Dr. Patricia Wright wins 2014 Indianapolis Prize

Dr. Patricia Wright
Primatologist and conservationist Dr. Patricia Wright is the winner of the 2014 Indianapolis Prize for conservation - the first time in its history the prize has gone to a woman.

Her work with lemurs is now featured on the big screen, chronicled in the IMAX movie Island of Lemurs: Madagascar, narrated by actor Morgan Freeman. Wright will receive a $250,000 unrestricted cash award and the Lilly Medal.

"It's a great honor," Wright said. "The Indianapolis Prize -- it's like the Nobel Prize of Conservation."

She started her adult life as a New York City social worker, but was drawn to conservation by a chance meeting with an owl monkey in a pet store window. She bought it, and felt compelled to learn more. That led to her desire to get a Ph.D in the study of primates. From there, she ended up in Madagascar to search for the greater bamboo lemur -- which had not been spotted in the wild in more than 50 years. Her search paid off early one morning.

"I saw this amazing animal that came right toward me and it was like a golden color and it twirled it's tail around and gave me this like a motor going off, an incredible sound, and then it disappeared."

She learned to love lemurs, but not the timber companies which were encroaching on their natural environment.

"I became a conservationist when they came into the forest to cut down those trees," she said. "I knew if I didn't do something about it, nobody else was going to."

That's when she decided to stay -- a decision made nearly 30 years ago and a commitment that has yielded great progress since that time.

Pat knew instinctively that doing something about the problem meant looking at the big picture. She lobbied lawmakers for the creation of the Ranomafana National Park, which opened in 1991. Seventeen other National Parks followed, giving the country's economy a new category.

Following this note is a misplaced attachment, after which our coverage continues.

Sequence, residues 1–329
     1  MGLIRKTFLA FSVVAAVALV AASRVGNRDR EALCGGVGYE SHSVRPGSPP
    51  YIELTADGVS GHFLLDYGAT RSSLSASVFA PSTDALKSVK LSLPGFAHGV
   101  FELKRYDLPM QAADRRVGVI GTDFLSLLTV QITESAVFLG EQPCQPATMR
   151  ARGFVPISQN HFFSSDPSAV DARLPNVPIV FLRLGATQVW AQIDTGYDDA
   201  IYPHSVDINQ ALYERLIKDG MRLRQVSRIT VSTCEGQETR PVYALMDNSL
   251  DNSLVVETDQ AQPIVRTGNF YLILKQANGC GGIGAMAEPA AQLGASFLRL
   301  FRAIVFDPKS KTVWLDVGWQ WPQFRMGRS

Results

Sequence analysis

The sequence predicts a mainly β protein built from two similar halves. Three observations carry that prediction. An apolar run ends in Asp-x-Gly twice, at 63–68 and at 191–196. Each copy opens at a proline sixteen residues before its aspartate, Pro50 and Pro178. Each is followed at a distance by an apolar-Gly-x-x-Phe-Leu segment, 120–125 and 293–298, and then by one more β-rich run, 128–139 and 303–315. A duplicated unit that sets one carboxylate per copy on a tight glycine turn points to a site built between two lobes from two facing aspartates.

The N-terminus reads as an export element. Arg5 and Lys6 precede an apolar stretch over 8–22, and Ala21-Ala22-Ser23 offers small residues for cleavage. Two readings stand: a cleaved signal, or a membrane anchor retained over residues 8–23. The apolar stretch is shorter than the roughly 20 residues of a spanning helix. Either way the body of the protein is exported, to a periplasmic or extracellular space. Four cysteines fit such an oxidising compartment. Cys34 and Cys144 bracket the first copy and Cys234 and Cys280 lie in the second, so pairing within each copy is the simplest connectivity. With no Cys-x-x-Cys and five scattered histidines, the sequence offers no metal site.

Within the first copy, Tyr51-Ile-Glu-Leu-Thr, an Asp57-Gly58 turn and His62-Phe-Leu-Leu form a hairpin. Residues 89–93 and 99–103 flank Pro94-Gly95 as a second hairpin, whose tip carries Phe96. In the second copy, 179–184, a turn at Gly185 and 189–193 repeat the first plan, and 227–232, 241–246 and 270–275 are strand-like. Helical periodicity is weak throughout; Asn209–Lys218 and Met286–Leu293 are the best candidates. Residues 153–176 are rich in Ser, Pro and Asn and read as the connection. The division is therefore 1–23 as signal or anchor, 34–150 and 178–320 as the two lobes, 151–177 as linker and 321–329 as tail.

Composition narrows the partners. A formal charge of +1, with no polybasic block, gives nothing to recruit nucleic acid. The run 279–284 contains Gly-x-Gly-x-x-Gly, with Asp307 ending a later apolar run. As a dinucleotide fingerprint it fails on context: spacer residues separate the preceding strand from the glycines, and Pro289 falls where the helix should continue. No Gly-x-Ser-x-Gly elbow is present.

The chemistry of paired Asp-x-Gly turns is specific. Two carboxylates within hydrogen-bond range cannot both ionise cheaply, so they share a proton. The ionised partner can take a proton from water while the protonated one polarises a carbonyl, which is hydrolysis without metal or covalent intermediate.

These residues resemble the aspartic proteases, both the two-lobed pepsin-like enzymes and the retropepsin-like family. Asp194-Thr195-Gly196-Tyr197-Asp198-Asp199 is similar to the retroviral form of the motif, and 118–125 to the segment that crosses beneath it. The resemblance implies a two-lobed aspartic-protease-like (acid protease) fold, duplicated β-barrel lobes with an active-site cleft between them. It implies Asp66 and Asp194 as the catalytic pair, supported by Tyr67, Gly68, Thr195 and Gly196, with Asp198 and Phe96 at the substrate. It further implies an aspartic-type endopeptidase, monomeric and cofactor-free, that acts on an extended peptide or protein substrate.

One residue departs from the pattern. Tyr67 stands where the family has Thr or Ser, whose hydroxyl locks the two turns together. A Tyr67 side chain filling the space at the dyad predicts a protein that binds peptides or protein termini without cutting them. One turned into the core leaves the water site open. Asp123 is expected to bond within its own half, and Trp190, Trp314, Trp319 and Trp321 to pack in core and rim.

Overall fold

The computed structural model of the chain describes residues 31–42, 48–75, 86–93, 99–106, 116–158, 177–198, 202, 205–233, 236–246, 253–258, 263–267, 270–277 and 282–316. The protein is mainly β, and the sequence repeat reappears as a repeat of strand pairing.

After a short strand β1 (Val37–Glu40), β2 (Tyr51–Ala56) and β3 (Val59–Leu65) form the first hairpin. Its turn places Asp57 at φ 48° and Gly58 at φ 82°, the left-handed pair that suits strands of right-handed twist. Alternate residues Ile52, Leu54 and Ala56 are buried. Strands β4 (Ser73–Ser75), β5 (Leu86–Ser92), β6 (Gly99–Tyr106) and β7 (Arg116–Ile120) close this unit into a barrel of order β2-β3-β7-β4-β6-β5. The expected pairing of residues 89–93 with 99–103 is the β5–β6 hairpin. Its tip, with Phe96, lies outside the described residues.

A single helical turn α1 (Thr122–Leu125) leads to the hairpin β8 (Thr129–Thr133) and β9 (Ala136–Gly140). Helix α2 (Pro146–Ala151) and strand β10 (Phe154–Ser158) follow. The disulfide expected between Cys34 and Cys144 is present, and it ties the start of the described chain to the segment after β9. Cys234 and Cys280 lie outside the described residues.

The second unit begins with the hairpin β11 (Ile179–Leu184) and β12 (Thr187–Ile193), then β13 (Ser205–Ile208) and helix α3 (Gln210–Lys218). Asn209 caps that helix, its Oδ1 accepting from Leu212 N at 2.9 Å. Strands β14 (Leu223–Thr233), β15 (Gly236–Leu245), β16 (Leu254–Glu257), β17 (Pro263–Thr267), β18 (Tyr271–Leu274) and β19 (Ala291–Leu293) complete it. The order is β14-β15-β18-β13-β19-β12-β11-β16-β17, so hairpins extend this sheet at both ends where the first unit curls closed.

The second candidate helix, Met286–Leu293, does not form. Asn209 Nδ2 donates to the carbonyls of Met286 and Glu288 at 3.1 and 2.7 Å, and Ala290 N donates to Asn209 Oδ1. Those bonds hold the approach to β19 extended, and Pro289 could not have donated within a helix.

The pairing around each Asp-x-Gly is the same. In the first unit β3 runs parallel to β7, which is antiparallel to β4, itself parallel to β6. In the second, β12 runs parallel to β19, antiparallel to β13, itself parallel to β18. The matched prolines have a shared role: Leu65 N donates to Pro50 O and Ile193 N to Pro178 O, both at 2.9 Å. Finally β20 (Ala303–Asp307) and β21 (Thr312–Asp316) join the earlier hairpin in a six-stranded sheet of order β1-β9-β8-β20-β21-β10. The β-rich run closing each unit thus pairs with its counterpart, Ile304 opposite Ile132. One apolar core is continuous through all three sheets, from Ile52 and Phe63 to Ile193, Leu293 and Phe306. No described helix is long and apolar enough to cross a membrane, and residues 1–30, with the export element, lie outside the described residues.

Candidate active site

She said, "Eco-tourism in Madagascar has become the best business you can be in -- especially at the local level."

But, perhaps her biggest success at the local level has been the creation of the "Centre Valbio" research station which attracts dozens of scientists a year to study the habitat and serves as a kind of community center for the area. Scientists do important research there. Locals take part in artistic performances, with conservation themes. Pat Wright calls it a "very dynamic place. Because we want to involve local people as much as possible, we have all kinds of workshops where they're involved."

Her efforts in small places that are having a big impact on conservation world-wide. Indianapolis Zoo C.E.O. Michael Crowther doesn't have a vote in who wins the Indianapolis Prize, but he says Pat Wright is an excellent choice. He says she is one of the world's top scientists, and the fact that she is a woman send a message to young girls that they can achieve great things too.

"We need to share the message that conservation doesn't just exist in some weird academic corner. This is what our lives are about this is what our future is about and getting women to tell that story can only help," Crowther said.

As for the $250,000 unrestricted award that comes with the Indianapolis Prize, Wright says she will use that money to help the local economy. Electricity for some remote places and education for the people who live there. She believes that the work she has started must continue and wants to actively train the next generation to carry on. That includes graduate students trained in classic science and local people in Madagascar sensitized to the importance of their environment.

"Lemurs and so many of these tropical animals are really world heritages," she says, "they are special and they can disappear from the face of the earth and it is up to all of us to try to save them."

Dr. Wright is a professor of anthropology at Stony Brook University in New York. She will be back in Indianapolis on September 24 to accept the 2014 Indianapolis Prize at a gala event at the JW Marriott downtown. Not only is this the first time in the prize's history that a woman has won, it is also the first time all six finalists are expected to be present for the gala.

The Indianapolis Prize is the world's leading prize to recognize conservationists. Learn more about the Indianapolis Prize here.